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10.03.2017

Teilnehmer gesucht

Studienteilnehmer (Männer) für Neuro-Studie zur Bewertung von #Selfies auf Facebook gesucht. mehr

21.09.2017

Teilnehmer gesucht

Kernspinstudie zu Allgemeinwissen, Intelligenz und Persönlichkeit. Interessenten (ab 35 Jahren) können sich telefonisch (0234/32 21775) oder per eMail (nkwipem@gmail.com) für die Studie anmelden. mehr

20.10.2017

Symposium on emotion and consciousness

"Who am I and how do I feel about it? - First New Zealand - German symposium on emotion and consciousness" on Friday 20.10.2017, 12:00 to 15:00, Ruhr-University Bochum, GAFO 05/609

Contact

Ruhr-Universität Bochum
Fakultät für Psychologie
AE Biopsychologie
GAFO 05/618
D-44780 Bochum

Phone: +49 234 - 32 28213
Fax: +49 234 - 32 14377

Email: biopsychologie@rub.de
Homepage: http://www.bio.psy.rub.de


News & Views

A MOTIVATIONAL PROCESS ACCOUNTS FOR FAT REGULATION IN BIRDS

Unpredictable rewards increase the vigor of responses in autoshaping (a Pavlovian conditioning procedure) and are preferred to predictable rewards in free-choice tasks involving fixed- versus variable-delay schedules. The significance those behavioral properties may have in field conditions is currently unknown. However, it is noticeable that when exposed to unpredictable food, small passerines – such as robins, titmice, and starlings – get fatter than when food is abundant. In functional terms, fattening is viewed as an evolutionary strategy acting against the risk of starvation when food is in short supply. But this functional view does not explain the causal mechanisms by which small passerines come to be fatter under food uncertainty. Here, it is suggested that one of these causal mechanisms is that involved in behavioral invigoration and preference for food uncertainty in the laboratory. Based on a psychological theory of motivational changes under food uncertainty, we developed an integrative computational model to test this idea. We show that, for functional (adaptive) reasons, the excitatory property of reward unpredictability can underlie the propensity of wild birds to forage longer and/or more intensively in an unpredictable environment, with the consequence that they can put on more fat reserves.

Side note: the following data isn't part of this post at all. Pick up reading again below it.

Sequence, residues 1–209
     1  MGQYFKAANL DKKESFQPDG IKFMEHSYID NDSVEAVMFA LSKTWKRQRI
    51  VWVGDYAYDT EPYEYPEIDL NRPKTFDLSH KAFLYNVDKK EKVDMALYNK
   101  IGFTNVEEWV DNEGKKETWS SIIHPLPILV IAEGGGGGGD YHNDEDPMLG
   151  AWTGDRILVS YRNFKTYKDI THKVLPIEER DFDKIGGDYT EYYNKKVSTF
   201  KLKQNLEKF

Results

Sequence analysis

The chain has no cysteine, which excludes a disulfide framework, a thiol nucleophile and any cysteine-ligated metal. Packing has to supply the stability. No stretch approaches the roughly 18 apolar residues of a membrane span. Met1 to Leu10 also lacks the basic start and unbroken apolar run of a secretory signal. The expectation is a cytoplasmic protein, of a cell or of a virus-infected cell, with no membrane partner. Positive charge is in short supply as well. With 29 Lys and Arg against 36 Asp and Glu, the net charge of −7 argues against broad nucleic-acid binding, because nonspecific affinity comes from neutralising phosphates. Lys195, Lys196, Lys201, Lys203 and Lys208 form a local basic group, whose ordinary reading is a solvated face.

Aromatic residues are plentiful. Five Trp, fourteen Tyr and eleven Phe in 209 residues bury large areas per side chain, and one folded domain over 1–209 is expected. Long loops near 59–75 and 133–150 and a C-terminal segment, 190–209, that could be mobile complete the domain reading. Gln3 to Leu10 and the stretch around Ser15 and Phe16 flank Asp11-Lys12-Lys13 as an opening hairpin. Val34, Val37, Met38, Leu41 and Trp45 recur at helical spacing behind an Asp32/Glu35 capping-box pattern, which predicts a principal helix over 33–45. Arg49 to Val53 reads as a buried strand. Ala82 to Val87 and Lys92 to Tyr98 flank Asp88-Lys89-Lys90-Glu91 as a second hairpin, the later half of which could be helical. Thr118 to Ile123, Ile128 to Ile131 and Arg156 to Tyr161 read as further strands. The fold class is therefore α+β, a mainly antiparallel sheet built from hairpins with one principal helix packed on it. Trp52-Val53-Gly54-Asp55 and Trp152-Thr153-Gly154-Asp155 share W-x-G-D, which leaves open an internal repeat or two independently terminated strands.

Anselme, P., Otto, T. & Güntürkün, O. (2017). How unpredictable access to food increases the body fat of small passerines: a mechanistic approach. Behavioural Processes, 144, 33-45.


News & Views

"Who am I and how do I feel about it? - First New Zealand - German symposium on emotion and consciousness" on Friday 20.10.2017